Chi-Raq (2015) While it's certainly a Spike Lee movie through and through, I don't know how anyone call really call it a success. I think Ignatiy Vishnevetsky put it best in his review for The AV Club: Out of all the wildly gifted black directors this country produced during the latter part of the last century, Spike Lee is the only one who ended up getting something like the career he was owed, and the only one who's been able to hold onto to what should be a basic right extended to all artists: the right to fail." This alone makes the giant mess that is Chi-Raq easier to accept, because even if Lee is not operating on his A-game, he's still making the kind of radical and gutsy choices that made him great, and as long as he's doing that, the film's problems suddenly seem okay. A clever reworking of the Aristophanes play Lysistrata set in modern day Chicago and concerning a sex strike by the black women of the city until senseless gang violence ends, the movie blends satirical and rambunctious comedy with social/political drama and doesn't seem to give a damn how the whole thing might be structured to actually work. And that's, paradoxically, the odd appeal of the picture. You get the sense Lee's going for the most energetic working of the Black Lives Matter movement in order to make the movie really speak to the audience as a truly urgent call. Sure the movie's too repetitious, often annoying, and never quite as funny as it should be, but it's Lee's sense of conviction, as well as his ability to stage big scenes like the one where a priest played by John Cusack gives a wildly heated sermon, that make it hard not to respect. If that's sort of what the right to fail entails, then it should be mentioned more often.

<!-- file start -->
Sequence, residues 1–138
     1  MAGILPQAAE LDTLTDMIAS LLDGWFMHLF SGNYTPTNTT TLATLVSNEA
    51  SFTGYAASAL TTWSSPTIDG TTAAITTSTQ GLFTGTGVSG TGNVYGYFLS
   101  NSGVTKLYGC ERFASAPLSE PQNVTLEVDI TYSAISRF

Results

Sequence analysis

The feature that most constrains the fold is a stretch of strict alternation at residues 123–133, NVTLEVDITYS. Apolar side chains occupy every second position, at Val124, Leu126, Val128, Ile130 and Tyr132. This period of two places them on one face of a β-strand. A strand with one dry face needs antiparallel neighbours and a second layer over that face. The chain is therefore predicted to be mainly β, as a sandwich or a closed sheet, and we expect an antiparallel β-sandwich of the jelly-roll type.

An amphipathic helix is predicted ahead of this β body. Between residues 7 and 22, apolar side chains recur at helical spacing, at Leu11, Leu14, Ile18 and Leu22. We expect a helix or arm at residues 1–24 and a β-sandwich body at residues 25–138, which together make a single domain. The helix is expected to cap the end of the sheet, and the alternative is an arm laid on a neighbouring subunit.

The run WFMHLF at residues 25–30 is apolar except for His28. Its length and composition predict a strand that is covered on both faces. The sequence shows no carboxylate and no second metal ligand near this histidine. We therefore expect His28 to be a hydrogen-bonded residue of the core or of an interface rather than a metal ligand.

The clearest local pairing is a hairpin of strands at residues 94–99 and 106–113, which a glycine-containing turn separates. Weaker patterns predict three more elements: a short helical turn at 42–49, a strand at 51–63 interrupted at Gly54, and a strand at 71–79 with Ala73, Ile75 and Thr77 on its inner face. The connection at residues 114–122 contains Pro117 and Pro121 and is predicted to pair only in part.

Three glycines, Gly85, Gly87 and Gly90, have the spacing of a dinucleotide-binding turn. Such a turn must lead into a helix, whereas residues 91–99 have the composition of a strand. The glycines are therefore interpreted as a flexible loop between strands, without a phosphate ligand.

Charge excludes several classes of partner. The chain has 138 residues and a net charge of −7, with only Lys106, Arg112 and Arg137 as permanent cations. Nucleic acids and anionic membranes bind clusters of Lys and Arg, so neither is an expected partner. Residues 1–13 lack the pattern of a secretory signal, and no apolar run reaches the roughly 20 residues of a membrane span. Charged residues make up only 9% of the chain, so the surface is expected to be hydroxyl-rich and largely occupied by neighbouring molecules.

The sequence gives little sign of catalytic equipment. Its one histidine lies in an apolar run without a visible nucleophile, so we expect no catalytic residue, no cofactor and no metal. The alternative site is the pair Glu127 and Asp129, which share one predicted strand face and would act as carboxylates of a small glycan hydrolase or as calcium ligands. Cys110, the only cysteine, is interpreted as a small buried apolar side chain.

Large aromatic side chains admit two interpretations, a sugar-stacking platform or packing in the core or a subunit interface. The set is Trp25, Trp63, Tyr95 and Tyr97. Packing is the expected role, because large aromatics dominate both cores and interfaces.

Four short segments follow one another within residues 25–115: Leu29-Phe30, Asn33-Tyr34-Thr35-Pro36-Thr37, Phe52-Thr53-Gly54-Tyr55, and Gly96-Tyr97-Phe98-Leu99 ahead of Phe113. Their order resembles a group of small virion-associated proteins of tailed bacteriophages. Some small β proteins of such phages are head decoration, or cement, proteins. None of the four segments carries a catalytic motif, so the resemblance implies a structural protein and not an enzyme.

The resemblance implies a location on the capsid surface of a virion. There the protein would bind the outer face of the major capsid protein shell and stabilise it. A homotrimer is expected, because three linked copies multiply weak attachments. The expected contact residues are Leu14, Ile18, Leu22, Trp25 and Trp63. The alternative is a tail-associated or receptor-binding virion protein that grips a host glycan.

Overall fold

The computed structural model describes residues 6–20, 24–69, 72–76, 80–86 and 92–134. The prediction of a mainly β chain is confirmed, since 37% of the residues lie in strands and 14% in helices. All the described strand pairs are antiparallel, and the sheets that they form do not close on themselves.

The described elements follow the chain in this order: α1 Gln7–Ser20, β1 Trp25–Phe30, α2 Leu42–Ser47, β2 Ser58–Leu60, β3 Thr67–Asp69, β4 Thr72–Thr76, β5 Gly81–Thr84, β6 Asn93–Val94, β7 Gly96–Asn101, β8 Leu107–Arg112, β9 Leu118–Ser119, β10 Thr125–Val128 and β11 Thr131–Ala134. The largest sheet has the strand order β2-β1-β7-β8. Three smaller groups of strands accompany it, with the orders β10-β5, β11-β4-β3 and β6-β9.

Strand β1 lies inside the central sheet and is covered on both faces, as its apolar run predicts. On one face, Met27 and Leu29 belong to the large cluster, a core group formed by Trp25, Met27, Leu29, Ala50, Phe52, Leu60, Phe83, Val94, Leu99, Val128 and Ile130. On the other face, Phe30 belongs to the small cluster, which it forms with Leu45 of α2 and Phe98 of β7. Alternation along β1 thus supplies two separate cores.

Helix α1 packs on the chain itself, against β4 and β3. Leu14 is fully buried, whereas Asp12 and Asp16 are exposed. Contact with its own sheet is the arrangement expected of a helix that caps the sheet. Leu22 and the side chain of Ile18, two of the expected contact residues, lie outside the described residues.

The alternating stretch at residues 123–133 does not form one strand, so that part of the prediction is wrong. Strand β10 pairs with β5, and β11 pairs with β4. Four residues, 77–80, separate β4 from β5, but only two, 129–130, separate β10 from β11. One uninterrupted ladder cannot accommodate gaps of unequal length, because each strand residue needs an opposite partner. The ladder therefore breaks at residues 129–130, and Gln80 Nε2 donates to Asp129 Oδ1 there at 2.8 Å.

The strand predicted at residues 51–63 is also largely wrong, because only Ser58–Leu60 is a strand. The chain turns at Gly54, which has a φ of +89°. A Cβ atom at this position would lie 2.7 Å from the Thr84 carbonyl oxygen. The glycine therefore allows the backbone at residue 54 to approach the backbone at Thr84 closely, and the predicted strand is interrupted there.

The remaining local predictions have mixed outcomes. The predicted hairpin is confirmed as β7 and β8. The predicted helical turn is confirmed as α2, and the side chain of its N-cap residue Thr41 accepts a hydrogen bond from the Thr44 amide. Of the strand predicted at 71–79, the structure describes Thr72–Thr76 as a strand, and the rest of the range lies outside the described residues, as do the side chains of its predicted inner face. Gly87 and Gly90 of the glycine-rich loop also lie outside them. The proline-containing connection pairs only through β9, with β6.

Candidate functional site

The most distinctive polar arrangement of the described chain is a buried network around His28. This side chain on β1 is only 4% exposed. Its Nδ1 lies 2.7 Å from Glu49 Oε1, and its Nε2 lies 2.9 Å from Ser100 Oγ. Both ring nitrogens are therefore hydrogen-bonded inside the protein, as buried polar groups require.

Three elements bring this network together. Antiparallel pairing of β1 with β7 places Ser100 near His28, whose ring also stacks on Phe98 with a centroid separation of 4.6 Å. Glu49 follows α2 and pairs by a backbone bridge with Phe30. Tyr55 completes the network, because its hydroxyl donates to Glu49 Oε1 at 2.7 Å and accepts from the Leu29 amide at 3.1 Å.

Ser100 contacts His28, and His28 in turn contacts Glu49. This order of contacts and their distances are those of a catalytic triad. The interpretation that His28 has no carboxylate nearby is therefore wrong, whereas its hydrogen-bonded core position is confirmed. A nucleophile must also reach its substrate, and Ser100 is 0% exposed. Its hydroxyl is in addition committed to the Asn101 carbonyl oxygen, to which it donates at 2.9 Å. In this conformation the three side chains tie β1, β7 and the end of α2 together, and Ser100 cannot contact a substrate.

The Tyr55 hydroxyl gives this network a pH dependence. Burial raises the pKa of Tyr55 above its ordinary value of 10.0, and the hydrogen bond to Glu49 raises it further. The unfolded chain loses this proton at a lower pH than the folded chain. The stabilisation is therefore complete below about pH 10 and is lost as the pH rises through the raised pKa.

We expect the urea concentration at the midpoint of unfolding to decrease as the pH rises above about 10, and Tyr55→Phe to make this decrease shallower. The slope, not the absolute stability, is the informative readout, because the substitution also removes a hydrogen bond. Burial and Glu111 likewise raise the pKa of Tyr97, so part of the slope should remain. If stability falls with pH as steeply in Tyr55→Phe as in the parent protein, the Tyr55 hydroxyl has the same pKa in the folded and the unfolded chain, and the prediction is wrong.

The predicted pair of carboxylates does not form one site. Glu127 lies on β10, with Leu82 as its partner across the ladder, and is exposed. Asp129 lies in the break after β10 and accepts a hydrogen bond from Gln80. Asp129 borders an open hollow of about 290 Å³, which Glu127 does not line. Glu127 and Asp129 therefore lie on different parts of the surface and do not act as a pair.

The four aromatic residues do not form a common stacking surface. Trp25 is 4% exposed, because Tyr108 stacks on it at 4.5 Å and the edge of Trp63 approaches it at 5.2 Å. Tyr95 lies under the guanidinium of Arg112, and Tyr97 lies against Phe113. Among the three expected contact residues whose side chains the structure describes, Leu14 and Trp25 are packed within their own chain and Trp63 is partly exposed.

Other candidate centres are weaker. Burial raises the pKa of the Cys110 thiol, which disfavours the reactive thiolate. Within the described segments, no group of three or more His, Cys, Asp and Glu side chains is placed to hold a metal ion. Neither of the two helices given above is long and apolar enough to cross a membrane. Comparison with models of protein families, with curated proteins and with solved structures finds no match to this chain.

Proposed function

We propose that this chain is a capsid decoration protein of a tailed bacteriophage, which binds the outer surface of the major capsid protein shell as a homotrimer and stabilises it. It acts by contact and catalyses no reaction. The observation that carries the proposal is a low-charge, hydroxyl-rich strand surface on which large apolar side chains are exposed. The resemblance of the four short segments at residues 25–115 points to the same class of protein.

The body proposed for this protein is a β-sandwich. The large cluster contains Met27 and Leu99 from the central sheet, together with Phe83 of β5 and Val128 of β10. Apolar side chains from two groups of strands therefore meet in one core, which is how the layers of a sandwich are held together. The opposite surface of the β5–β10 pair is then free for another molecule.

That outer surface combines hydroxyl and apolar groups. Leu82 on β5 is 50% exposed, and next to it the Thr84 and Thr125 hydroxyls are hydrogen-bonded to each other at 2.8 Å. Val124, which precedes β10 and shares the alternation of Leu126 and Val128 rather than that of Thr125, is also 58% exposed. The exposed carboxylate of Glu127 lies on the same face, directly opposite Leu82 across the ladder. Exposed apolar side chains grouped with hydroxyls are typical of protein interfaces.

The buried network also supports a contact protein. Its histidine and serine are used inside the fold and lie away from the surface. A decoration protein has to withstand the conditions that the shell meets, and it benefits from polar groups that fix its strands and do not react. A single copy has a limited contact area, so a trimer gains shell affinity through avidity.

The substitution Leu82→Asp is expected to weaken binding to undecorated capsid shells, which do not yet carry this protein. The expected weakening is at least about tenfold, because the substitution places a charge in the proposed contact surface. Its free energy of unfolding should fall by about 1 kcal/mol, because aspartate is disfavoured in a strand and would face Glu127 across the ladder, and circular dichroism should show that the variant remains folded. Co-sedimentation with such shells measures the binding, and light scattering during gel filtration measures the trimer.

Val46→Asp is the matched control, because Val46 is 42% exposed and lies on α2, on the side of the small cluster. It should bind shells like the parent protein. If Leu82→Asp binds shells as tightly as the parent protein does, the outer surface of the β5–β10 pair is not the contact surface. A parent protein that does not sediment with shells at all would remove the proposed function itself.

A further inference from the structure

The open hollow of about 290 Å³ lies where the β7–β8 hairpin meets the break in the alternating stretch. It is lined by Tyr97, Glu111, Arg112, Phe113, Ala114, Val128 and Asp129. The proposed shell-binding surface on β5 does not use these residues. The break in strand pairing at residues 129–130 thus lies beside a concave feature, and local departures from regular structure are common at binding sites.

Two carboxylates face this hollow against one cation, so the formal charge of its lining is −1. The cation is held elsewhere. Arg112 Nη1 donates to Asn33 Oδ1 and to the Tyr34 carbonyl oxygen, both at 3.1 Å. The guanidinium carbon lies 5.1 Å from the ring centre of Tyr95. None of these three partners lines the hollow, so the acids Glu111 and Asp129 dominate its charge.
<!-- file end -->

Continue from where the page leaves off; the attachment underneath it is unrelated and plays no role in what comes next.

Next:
From Dusk Till Dawn (1996) Scripted by Quentin Tarantino and directed (and edited) by Robert Rodriguez, this hybrid of the crime thriller and vampire actioner sounds appealing until you realize that it's not really a hybrid at all, but instead a really excellent crime thriller with a pretty boring extended vampire action scene tacked on at the end. Perhaps it would be less disappointing if the first part of the film wasn't really good, but because it is, it's a letdown when we have to abandon that entire narrative to watch the characters kick ass against the vampires at a strip club called The Titty Twister. At this point Quentin Tarantino, who plays a bank robber along with his brother (George Clooney), gets dispatched, which on paper sounds like a good considering the filmmaker's sub-par acting chops. But here he's written a character for himself who could be described as a slimy violent idiot, which actually is the kind of character Tarantino excels at playing. I wanted more of him, his relationship with his brother, and to see an actually interesting conclusion to their journey with a family of hostages. Either way, you get the sense this exactly the movie Tarantino and Rodriguez wanted to cook up. It's the kind of thing you can imagine two movie buffs conjuring on a lazy saturday afternoon but never actually seeing to fruition. That they did, I suppose, is pretty cool.